Booming investments in real estate are leading the way among equity-crowdfunded projects, which rose to $662 million in the first quarter of 2015, a big jump from the $483 million recorded in the final quarter of 2014.
"Equity crowdfunding is going to double every year as more and more investors get to know about it," said Eric Smith, director of data analytics at Crowdnetic, an online platform that tracks equity investments in real-time and just published the equity-crowdfunding data in its new quarterly report.
The financial sector has been the most successful in terms of recorded capital investments, with $172.8 million raised. The technology and services sectors are close behind.
Equity crowdfunding was made possible by Title II of the Jumpstarting Our Business Startups (JOBS) Act of 2012. The Title II regulations, enacted in September 2013, stipulate that investors must be accredited, meaning they made $200,000 or more in the last two years or have a net worth of $1 million excluding their primary residence.
Accredited investors now have the opportunity to invest in projects like the 17 John Street commercial real estate overhaul in Manhattan, a project of real estate crowdfunding platform Prodigy Network. With $35 million raised from accredited investors so far, Prodigy Network's 17 John project is the largest equity-crowdfunded deal, according to Crowdnetic.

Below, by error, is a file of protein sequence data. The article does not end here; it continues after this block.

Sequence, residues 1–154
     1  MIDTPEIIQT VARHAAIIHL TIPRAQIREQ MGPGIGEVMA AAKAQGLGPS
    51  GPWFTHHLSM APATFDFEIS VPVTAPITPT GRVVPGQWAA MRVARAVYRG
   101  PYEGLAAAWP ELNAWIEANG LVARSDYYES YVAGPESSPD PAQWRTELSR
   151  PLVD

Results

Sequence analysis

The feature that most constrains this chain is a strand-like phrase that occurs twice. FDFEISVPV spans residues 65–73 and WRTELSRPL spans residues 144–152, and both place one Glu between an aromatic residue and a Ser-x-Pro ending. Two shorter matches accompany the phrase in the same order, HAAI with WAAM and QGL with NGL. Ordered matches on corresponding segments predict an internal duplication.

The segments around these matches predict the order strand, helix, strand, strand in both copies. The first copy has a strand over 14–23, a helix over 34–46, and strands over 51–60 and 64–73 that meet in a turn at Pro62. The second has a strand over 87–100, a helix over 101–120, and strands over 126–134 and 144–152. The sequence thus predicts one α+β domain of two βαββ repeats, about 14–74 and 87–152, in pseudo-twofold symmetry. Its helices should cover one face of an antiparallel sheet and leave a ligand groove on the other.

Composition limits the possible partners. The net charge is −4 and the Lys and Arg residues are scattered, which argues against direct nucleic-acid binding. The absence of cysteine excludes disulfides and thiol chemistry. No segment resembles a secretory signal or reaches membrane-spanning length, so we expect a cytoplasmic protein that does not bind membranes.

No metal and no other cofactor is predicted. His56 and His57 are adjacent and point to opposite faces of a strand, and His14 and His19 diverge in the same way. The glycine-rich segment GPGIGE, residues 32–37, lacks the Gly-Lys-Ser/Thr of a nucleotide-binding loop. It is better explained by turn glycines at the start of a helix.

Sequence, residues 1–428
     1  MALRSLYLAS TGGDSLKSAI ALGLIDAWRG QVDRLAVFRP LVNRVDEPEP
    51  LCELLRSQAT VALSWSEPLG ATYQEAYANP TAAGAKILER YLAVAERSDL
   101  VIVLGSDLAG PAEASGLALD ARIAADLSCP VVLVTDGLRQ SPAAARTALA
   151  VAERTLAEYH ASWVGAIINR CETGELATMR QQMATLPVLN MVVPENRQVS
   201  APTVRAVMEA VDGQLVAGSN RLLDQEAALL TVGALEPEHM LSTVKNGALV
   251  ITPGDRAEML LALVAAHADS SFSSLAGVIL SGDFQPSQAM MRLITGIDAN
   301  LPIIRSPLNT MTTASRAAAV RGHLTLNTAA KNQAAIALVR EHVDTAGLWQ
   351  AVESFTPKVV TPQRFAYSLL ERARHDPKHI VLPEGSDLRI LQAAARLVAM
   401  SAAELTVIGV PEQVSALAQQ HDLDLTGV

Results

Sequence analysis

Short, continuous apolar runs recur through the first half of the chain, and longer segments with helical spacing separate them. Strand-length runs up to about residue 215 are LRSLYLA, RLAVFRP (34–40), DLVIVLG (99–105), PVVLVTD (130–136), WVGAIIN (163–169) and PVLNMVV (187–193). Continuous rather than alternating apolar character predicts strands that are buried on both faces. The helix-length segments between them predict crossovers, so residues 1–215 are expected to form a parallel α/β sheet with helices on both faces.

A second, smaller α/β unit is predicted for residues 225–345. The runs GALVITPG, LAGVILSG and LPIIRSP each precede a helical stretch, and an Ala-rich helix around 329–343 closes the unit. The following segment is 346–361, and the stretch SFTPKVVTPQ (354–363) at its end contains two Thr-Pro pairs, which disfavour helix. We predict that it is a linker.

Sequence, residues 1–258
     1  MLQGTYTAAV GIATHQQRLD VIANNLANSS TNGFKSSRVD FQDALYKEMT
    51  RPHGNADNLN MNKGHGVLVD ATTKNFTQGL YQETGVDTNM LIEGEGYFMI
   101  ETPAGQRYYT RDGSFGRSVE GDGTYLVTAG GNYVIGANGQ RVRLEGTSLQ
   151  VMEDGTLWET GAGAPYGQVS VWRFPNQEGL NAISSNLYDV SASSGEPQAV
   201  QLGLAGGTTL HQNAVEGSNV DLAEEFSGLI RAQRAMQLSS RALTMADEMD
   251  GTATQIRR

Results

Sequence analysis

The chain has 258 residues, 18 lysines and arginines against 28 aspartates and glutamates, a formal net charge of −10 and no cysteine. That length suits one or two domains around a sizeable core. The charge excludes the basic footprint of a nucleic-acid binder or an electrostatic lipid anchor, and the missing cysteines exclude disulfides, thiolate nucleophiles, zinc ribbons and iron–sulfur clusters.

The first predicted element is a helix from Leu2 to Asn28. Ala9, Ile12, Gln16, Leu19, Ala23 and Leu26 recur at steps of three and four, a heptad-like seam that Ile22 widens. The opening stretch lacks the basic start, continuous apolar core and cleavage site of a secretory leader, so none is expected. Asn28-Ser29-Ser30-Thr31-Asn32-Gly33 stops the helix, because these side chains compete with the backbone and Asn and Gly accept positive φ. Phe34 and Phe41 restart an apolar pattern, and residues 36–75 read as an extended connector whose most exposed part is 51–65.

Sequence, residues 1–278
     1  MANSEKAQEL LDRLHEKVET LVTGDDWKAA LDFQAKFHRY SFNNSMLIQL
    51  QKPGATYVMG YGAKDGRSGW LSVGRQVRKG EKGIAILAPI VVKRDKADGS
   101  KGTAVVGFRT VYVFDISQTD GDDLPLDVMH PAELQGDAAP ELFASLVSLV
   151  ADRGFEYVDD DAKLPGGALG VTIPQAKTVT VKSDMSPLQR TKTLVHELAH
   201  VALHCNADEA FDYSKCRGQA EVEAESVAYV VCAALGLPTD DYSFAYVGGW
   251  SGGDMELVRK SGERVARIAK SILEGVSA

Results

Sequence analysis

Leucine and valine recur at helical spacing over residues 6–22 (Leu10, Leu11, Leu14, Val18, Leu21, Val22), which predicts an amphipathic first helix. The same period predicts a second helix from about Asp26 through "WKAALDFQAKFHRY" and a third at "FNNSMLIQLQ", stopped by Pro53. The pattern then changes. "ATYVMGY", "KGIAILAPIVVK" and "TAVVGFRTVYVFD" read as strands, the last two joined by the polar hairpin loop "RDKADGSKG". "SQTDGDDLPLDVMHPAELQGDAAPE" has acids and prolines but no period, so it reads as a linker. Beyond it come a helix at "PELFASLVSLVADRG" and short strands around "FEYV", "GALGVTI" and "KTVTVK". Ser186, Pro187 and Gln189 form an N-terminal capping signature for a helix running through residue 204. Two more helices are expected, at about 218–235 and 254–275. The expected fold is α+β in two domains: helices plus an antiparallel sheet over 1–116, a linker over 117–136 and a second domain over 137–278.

Following that is HLR Properties, a Denver-based oil and gas company that raised $25 million. The third-largest deal as tracked by Crowdnetic is another real estate development deal from Los Angeles-based MondayOne Properties, which is building three separate developments and has raised $19 million so far.
It's no surprise that two of the three largest equity-crowdfunded deals are in real estate, which is included in the equity-crowdfunded financial sector. Crowdnetic's report shows that the largest industries in terms of recorded capital investment are real estate development, at $86 million, and other real estate investments, at $38.7 million.
"A lot of people really do like real estate," Smith said. "It's something they understand. It's a solid asset."